Union of South Africa Union of South Africa Red Ensign (1912–1928) Union of South Africa Blue Ensign (1912–1928) The Union of South Africa is the historic predecessor to the present-day Republic of South Africa. It came into being on 31 May 1910 with the unification of four previously separate British colonies: Cape Colony, Natal Colony, Transvaal Colony and Orange River Colony. Following World War I, the Union of South Africa was granted the administration of the German South-West Africa colony as a League of Nations mandate and it became treated in most respects as if it were another province of the Union. The Union of South Africa was founded as a dominion of the British Empire. Constitution Main features The provinces of the Union Capitals Relationship to the Crown During the course of the Union the Royal Styles of the Monarch were modified, with Elizabeth II being the last reigning Queen of South Africa. Languages Final days of the South Africa Act and legacy Segregation
Duke Ellington Edward Kennedy "Duke" Ellington (April 29, 1899 – May 24, 1974) was an American composer, pianist and bandleader of jazz orchestras. His career spanned over 50 years, leading his orchestra from 1923 until he died. Though widely considered to have been a pivotal figure in the history of jazz, Ellington himself embraced the phrase "beyond category" as a "liberating principle", and referred his music to the more general category of "American Music", rather than to a musical genre such as "jazz". Born in Washington, D.C., he was based in New York City from the mid-1920s, and gained a national profile through his orchestra's appearances at the Cotton Club. In the 1930s they toured in Europe. After 1941, Ellington collaborated with composer-arranger-pianist Billy Strayhorn, whom he called his "writing and arranging companion". With Strayhorn, he composed many extended compositions, or 'suites', as well as further shorter pieces. Early life Music career "East St.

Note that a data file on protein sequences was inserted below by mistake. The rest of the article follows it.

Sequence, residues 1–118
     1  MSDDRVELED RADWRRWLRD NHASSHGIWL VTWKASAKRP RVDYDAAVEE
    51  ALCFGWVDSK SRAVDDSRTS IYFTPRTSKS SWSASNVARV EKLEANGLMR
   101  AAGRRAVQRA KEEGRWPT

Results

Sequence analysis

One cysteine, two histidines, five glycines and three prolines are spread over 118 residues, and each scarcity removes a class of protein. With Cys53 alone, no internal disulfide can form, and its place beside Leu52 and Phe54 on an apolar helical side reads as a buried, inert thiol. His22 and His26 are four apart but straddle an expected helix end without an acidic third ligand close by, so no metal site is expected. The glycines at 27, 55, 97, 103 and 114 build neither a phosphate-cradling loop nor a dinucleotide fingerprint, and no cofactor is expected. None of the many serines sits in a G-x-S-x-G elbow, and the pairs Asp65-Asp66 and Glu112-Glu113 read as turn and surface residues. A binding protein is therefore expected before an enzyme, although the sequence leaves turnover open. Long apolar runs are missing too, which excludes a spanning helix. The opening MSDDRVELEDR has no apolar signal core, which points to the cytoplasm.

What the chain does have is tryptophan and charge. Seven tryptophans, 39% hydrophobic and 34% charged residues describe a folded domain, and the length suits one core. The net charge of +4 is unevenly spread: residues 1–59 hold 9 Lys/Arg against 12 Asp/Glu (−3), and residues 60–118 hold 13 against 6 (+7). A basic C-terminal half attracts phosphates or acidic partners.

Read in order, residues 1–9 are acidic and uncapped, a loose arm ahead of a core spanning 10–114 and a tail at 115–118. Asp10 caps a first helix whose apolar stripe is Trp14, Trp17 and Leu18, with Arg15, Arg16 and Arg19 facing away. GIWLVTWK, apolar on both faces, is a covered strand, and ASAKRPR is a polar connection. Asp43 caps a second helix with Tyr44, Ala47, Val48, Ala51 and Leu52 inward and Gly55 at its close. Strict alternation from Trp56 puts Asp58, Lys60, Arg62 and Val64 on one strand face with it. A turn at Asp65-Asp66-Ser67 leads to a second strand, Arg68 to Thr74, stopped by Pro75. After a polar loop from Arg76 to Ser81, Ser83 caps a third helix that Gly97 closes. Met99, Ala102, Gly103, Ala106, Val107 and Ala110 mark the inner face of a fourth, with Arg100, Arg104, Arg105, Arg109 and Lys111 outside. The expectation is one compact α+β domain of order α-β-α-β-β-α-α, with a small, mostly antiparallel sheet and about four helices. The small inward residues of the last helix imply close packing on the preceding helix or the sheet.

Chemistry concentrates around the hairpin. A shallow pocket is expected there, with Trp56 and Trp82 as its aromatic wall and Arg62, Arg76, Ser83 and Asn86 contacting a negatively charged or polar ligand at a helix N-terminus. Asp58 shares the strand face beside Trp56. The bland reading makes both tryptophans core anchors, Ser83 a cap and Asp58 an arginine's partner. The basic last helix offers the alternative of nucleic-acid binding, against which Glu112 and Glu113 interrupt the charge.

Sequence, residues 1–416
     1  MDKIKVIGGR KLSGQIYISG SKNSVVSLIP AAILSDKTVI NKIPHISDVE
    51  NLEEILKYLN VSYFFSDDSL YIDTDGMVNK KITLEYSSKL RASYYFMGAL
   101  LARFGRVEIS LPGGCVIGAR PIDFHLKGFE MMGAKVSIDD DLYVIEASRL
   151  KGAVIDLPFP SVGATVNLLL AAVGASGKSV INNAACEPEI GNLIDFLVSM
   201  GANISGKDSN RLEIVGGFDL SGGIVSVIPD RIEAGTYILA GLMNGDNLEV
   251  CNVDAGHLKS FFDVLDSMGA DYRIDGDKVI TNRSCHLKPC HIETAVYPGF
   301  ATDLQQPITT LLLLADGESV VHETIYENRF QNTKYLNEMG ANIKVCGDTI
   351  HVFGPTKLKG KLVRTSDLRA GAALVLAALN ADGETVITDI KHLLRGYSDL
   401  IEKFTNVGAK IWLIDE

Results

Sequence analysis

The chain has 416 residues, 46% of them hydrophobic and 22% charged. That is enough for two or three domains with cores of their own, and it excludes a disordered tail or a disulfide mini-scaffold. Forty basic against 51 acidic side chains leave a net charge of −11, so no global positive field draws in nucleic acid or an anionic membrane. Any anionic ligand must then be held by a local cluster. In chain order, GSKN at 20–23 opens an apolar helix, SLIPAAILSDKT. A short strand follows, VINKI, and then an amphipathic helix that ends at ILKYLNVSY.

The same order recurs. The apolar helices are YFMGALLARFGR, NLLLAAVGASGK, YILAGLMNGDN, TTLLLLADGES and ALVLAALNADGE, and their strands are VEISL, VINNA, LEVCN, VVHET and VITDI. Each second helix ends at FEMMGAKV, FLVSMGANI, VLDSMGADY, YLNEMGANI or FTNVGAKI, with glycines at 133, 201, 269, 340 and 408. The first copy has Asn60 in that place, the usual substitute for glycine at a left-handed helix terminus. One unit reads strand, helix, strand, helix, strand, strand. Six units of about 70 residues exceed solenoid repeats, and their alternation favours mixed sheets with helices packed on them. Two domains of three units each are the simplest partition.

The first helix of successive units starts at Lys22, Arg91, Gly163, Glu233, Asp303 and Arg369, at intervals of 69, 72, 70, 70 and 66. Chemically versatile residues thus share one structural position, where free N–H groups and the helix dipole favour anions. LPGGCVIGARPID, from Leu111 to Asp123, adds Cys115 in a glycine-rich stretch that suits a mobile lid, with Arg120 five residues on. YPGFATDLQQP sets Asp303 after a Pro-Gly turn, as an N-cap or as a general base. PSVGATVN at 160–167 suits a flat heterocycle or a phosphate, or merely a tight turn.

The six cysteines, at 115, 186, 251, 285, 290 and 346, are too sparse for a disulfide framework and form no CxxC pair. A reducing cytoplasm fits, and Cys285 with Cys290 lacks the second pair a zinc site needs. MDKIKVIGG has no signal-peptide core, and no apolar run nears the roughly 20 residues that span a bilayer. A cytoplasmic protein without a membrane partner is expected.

Richard I of England Richard I (8 September 1157 – 6 April 1199) was King of England from 6 July 1189 until his death. He also ruled as Duke of Normandy (as Richard IV), Duke of Aquitaine, Duke of Gascony, Lord of Cyprus, Count of Anjou, Count of Maine, Count of Nantes, and Overlord of Brittany at various times during the same period. He was the third of five sons of King Henry II of England and Eleanor of Aquitaine. He was known as Richard Cœur de Lion, or mainly Richard the Lionheart, even before his accession, because of his reputation as a great military leader and warrior. The Muslims called him Melek-Ric (King Richard) or Malek al-Inkitar (King of England). Early life and accession in Aquitaine Family and youth Richard I's great seal of 1189 Richard was born on 8 September 1157, probably at Beaumont Palace, in Oxford, England. Richard was said to be very attractive; his hair was between red and blond, and he was light-eyed with a pale complexion. Revolt against Henry II
Ray Charles Rolling Stone ranked Charles number ten on their list of "100 Greatest Artists of All Time" in 2004, and number two on their November 2008 list of "100 Greatest Singers of All Time". In honoring Charles, Billy Joel noted: "This may sound like sacrilege, but I think Ray Charles was more important than Elvis Presley." Early life Ray Charles Robinson was the son of Aretha (William) Robinson, a sharecropper, and Bailey Robinson, a railroad repair man, mechanic and handyman. Aretha was a devout Christian and the family attended the New Shiloh Baptist Church. When Ray was an infant, his family moved from Albany, Georgia, where he was born, to the poor black community on the western side of Greenville, Florida. In his early years, Charles showed a curiosity for mechanical things and he often watched the neighborhood men working on their cars and farm machinery. His musical curiosity was sparked at Mr. Career Early career Atlantic Records
Murder of James Bulger "James Bulger" redirects here. For the organized crime figure, see Whitey Bulger. James Patrick Bulger (16 March 1990 – 12 February 1993) was a boy from Kirkby, Merseyside, England, who was murdered on 12 February 1993, at the age of two. He was abducted, tortured and murdered by two ten-year-old boys, Robert Thompson (born 23 August 1982) and Jon Venables (born 13 August 1982). Bulger disappeared from the New Strand Shopping Centre in Bootle, while accompanying his mother. His mutilated body was found on a railway line two-and-a-half miles (4 km) away in Walton, Liverpool, two days after his murder. Thompson and Venables were charged on 20 February 1993 with Bulger's abduction and murder. The pair were found guilty on 24 November 1993, making them the youngest convicted murderers in modern English history. The case has prompted widespread debate on the issue of how to handle young offenders when they are sentenced or released from custody. Murder Arrest